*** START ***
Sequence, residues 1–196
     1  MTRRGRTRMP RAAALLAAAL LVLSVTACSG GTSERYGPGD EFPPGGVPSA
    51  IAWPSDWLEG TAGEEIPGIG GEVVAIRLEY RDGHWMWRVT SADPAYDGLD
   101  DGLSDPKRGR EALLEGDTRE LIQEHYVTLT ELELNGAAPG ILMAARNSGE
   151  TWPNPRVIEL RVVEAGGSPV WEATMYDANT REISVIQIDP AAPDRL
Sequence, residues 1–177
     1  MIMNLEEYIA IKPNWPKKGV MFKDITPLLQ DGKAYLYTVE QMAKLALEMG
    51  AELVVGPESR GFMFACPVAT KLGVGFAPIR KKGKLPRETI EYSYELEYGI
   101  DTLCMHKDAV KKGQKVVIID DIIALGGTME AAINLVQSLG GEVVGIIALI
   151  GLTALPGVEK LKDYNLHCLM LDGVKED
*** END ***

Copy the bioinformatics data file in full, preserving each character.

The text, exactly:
Sequence, residues 1–196
     1  MTRRGRTRMP RAAALLAAAL LVLSVTACSG GTSERYGPGD EFPPGGVPSA
    51  IAWPSDWLEG TAGEEIPGIG GEVVAIRLEY RDGHWMWRVT SADPAYDGLD
   101  DGLSDPKRGR EALLEGDTRE LIQEHYVTLT ELELNGAAPG ILMAARNSGE
   151  TWPNPRVIEL RVVEAGGSPV WEATMYDANT REISVIQIDP AAPDRL
Sequence, residues 1–177
     1  MIMNLEEYIA IKPNWPKKGV MFKDITPLLQ DGKAYLYTVE QMAKLALEMG
    51  AELVVGPESR GFMFACPVAT KLGVGFAPIR KKGKLPRETI EYSYELEYGI
   101  DTLCMHKDAV KKGQKVVIID DIIALGGTME AAINLVQSLG GEVVGIIALI
   151  GLTALPGVEK LKDYNLHCLM LDGVKED